"Recent reports by industry trade associations and others have discussed potential harm of EPA's prospective regulations to U.S. electricity generating capacity, with emphasis on coal-fired generation. One of these reports, by the Edison Electric Institute, which represents investor owned utilities, has attracted considerable attention by depicting a timeline in which multiple rules would take effect more or less simultaneously over the next five years. Congress has shown significant interest in these issues, and bills have been introduced that would de-fund or restrict EPA's ability to develop rules, and which would legislate new regulatory analytic requirements. This report describes nine rules in seven categories that are at the core of recent critical analyses, with background on the rule and its requirements and, where possible, a discussion of the rule's potential costs and benefits. […] Some of the rules are expected to be expensive; costs of others are likely to be moderate or limited, or they are unknown at this point because a rule has not yet been proposed. Rules when actually proposed or issued may well differ enough that a plant operator's decision about investing in pollution controls or facility retirement will look entirely different from what these analyses project. Further, promulgation of standards is not the end of the road: court challenges are likely, potentially delaying implementation for years, and even when final, EPA rules must be adopted by states and implemented over time through state-issued permits."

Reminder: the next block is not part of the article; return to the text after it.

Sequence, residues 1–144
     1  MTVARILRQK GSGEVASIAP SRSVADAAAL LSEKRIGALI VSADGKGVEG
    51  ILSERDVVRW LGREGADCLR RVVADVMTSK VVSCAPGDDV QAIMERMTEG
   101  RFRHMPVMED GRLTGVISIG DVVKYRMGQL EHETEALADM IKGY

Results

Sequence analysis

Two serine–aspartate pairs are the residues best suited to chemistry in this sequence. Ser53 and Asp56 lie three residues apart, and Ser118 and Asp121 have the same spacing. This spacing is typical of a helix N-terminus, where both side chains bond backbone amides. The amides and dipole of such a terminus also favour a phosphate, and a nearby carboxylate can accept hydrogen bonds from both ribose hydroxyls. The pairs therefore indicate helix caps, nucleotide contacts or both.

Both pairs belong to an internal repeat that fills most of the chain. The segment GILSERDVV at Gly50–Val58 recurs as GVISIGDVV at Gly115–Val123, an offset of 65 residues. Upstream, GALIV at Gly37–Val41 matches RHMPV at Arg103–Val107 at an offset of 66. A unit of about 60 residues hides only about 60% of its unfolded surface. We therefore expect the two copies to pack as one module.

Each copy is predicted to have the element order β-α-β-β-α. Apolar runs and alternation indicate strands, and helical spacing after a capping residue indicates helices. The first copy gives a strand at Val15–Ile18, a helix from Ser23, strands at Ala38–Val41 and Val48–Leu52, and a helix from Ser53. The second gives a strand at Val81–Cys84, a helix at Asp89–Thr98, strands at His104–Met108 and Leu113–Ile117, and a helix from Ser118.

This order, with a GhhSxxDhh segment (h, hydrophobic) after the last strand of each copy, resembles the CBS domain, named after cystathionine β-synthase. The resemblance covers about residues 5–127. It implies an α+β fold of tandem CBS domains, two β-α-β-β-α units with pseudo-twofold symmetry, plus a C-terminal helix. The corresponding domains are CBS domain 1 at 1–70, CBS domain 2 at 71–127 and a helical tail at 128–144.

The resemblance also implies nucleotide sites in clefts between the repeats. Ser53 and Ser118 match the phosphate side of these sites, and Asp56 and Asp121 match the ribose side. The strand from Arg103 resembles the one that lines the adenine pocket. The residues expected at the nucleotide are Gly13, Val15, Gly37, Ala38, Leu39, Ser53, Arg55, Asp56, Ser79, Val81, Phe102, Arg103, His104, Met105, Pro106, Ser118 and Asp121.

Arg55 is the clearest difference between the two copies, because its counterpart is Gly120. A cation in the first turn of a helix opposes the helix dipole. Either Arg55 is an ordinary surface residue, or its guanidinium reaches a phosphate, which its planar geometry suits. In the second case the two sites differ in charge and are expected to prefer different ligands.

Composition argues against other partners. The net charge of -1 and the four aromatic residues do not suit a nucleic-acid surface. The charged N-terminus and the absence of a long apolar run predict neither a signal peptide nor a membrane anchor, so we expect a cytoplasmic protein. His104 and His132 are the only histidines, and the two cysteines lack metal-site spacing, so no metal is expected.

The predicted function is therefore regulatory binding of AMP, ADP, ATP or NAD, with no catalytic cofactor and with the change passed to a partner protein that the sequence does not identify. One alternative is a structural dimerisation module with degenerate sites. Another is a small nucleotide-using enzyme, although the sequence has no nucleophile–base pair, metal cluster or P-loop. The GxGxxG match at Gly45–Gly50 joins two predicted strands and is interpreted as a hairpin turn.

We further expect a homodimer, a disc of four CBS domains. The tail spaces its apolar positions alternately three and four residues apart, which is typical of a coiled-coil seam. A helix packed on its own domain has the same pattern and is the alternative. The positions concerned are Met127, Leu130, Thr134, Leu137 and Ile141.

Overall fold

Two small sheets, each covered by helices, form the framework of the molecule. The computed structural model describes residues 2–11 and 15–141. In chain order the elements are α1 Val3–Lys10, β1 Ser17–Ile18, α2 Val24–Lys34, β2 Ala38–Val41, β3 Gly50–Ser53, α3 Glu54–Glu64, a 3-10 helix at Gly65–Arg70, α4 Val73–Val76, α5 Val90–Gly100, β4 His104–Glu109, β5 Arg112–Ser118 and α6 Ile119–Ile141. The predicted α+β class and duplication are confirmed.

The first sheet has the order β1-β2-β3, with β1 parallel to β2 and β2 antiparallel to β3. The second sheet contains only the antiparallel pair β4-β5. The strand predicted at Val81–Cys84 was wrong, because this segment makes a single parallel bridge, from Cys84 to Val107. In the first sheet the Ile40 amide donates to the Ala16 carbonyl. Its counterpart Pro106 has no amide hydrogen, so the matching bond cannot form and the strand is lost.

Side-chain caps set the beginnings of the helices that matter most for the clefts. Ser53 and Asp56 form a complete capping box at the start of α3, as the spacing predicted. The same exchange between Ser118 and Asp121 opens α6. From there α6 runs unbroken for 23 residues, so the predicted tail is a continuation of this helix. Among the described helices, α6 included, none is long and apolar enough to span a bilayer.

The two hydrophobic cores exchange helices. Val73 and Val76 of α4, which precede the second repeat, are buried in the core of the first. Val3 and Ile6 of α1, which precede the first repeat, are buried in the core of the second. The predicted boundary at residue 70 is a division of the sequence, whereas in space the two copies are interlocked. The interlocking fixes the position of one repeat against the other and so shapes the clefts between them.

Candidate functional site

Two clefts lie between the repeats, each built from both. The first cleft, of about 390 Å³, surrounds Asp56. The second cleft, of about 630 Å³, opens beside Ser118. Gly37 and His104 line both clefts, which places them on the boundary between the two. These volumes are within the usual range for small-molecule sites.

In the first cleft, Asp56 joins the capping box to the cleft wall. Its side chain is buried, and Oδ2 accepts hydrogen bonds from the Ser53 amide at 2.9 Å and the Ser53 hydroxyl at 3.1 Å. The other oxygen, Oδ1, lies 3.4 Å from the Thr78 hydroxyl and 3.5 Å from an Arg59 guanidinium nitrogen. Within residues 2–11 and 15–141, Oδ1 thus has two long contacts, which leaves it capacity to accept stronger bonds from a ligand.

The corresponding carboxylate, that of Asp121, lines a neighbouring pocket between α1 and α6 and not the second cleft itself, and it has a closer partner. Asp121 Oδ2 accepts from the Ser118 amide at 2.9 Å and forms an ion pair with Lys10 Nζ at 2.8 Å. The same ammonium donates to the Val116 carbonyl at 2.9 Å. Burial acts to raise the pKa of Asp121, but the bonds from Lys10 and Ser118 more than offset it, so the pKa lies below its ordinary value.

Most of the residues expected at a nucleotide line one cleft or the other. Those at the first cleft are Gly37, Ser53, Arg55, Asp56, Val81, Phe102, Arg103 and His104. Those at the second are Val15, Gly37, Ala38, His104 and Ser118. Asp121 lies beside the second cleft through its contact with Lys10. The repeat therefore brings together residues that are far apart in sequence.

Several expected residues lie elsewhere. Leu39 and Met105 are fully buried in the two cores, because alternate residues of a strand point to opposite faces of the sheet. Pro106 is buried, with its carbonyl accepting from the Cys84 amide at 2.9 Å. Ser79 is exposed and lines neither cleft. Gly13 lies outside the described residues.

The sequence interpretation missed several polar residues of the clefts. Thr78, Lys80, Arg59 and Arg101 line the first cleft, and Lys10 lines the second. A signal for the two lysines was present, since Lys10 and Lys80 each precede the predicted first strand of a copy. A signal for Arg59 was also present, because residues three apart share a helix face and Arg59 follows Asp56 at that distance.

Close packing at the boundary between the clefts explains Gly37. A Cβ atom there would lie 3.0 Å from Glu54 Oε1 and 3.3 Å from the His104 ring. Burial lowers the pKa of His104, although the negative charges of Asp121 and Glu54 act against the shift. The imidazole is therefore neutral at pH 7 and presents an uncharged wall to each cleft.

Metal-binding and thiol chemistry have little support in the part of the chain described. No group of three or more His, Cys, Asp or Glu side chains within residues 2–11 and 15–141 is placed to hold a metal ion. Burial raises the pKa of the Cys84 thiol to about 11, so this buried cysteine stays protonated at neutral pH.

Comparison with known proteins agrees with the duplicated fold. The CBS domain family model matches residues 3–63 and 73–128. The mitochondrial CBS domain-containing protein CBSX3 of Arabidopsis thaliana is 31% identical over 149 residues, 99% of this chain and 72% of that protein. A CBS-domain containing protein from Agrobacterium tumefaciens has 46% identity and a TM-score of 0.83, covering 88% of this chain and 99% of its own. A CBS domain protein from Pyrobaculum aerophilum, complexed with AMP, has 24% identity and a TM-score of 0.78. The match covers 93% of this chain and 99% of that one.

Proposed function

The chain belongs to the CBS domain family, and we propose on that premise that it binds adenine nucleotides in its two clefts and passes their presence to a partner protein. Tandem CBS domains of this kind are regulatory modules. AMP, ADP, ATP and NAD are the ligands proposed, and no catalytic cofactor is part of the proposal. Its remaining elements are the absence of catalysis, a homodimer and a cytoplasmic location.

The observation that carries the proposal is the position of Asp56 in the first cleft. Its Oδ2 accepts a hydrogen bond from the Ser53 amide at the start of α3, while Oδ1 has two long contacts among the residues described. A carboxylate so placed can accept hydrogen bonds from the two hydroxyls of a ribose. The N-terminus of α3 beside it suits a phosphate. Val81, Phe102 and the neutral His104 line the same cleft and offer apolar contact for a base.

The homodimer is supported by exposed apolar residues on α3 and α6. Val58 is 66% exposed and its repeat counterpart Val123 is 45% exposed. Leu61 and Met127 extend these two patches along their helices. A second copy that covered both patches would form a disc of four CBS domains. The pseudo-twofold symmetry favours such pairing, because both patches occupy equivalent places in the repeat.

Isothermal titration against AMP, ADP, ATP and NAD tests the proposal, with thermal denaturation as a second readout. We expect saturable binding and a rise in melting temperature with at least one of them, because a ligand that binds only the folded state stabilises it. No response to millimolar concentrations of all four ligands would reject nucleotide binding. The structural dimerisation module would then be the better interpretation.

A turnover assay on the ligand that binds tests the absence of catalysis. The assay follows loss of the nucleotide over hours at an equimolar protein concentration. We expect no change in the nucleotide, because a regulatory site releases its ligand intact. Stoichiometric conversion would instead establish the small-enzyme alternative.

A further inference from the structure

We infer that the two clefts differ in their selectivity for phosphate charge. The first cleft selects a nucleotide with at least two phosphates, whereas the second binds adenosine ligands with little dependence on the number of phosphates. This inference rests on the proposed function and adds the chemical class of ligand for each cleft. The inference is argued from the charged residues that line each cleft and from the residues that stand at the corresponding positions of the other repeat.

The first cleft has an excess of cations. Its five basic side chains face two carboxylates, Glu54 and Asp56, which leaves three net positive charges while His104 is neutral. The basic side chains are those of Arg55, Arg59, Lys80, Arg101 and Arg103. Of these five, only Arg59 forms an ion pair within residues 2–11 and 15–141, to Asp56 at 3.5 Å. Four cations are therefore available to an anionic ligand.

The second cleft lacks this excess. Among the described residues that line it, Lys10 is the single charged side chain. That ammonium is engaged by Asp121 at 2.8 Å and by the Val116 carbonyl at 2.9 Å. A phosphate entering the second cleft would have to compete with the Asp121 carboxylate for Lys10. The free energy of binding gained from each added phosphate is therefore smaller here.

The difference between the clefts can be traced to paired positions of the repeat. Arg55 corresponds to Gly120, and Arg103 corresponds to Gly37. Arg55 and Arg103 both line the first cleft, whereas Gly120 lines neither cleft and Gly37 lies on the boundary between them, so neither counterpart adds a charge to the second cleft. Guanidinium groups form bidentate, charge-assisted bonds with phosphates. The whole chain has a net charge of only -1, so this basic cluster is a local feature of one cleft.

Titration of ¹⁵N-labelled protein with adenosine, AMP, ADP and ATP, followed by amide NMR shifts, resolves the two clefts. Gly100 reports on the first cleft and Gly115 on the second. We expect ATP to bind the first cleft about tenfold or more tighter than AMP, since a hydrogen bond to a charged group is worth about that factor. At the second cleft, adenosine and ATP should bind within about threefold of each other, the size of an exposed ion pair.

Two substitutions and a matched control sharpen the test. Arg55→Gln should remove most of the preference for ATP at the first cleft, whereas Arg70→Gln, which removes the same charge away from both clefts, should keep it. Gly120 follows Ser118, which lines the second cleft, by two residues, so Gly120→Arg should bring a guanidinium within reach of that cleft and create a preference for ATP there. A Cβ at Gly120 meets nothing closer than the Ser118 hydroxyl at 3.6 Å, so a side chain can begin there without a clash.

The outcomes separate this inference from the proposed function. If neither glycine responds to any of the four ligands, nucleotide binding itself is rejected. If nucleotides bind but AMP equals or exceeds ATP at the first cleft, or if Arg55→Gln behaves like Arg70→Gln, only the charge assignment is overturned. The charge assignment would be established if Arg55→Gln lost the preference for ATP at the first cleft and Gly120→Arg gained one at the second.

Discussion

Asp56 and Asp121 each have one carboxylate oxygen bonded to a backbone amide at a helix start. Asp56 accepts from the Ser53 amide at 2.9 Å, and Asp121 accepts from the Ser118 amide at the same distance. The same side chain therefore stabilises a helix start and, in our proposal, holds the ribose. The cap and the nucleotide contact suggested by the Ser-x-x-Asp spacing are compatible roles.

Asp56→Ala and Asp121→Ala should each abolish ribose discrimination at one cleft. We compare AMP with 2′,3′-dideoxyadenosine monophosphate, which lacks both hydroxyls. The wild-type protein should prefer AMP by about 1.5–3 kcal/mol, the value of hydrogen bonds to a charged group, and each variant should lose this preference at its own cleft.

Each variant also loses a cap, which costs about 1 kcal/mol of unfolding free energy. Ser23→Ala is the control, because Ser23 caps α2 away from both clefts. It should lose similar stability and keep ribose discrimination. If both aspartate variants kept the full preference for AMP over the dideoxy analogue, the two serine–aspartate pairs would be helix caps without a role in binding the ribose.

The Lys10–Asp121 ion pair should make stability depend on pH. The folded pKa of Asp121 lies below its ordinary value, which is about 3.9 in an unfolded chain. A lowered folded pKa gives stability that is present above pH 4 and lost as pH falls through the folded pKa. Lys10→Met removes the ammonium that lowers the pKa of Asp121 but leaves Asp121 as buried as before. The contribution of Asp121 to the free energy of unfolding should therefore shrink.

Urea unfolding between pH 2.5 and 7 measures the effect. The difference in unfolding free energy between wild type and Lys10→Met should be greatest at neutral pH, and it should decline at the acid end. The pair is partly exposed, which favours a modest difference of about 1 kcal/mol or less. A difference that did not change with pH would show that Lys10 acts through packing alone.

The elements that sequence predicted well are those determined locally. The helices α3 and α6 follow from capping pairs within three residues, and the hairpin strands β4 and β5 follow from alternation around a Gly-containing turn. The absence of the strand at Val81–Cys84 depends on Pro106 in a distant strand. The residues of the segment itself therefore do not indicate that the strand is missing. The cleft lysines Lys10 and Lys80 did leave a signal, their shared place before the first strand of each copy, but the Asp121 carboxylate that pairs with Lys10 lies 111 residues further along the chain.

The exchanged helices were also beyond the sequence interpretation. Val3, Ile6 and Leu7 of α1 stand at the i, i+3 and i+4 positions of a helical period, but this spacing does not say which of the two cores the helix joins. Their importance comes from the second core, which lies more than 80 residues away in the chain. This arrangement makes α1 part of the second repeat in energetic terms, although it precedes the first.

CRS Report for Congress, R41914
National Agricultural Law Center: http://www.nationalaglawcenter.org/